Knowledgebase of Frequently Asked Questions - Cell counts
When a sample of milk is submitted for a cell count, body cells from the cow are counted by a laboratory machine.
Whilst a very small number of these body cells (or "somatic" cells, as the word "somatic" means "body") that are counted can be due to the shedding of some cells from udder tissue into the milk, the vast majority are actually white blood cells - both are a normal part of milk.
White blood cells are part of the body's natural defence mechanism, and are sent to the udder by the cow's immune system in response to an infection - this will usually substantially elevate the cell count of the infected quarter.
An Individual Cow Cell Count (ICCC) on a herd test result is actually the cell count measured from a composite sample of all four quarters of the cow.
Normal uninfected cows will usually have an Individual Cow Cell Count, sometimes also called a Somatic Cell Count, below about 150,000 cells/ml.
If a cow has an Individual Cow Cell Count (ICCC) above 250,000 cells/ml, she is likely to have a mastitis infection in one or more quarters of the udder.
The Bulk Milk Cell Count (BMCC) is the concentration of cells in the vat, which is the sum total concentration of all cows contributing to that vat.
This means that BMCC can be used a method of estimating the level of sub-clinical mastitis in a herd.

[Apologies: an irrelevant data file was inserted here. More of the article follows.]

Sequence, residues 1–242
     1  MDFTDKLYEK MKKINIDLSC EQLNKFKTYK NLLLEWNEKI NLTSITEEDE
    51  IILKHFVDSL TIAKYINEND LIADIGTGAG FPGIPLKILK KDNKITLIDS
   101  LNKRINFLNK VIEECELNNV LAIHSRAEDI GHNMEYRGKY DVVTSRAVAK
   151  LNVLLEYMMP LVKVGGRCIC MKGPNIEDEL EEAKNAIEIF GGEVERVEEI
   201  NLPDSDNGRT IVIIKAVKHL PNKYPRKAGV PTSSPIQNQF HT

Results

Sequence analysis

Have you ever culled cows, or removed high cell count cows from the vat, or both, only to see little or no change to the Bulk Milk Cell Count?
This is usually a surprise, but is actually quite common, and can best be explained by understanding the three factors that are most likely to have influenced the outcome.
Firstly, the worst cows in terms of having the highest Individual Cow Cell Count (ICCC) may well not be the worst cows in terms of contribution to the overall Bulk Milk Cell Count (BMCC).
A cow’s contribution to the BMCC is a function of both her current ICCC and also the volume of milk she is contributing to the vat.
This means that cows with a high cell count but with lower production can actually be contributing significantly less to the vat than a cow with only a moderately high cell count, but is a very high producer.
The pattern of this contribution may also have an effect - there may be a larger number of cows with a moderately high ICCC rather than a small number of cows with a very high ICCC creating a problem.
Secondly, a cow’s ICCC is not a static number – a cow’s cell count can change from day to day, and even from hour to hour.
A cow that was tested on one day may have a similar ICCC again the next day, or she could have a quite different ICCC the next day simply as a result of both natural biological variation and the cow’s immune system responding to the varying levels of challenge in the udder.
If enough cows change their ICCC, then the overall BMCC will change as a result.
The third likely factor is that mastitis infections in a herd are a dynamic and fluid situation, thereby constantly changing.
Over any period of time, previously uninfected cows are becoming infected, and some infected cows are being cured, either by treatment or by self-cure.
It is the rate at which these changes are occurring which can cause significant changes in which cows are contributing most to the BMCC at any given time, and if this rate of dynamic change is high, then culling or withholding cows from the vat may seem to have little or no effect, simply because other cows have become infected over that time and have become significant contributors to the BMCC.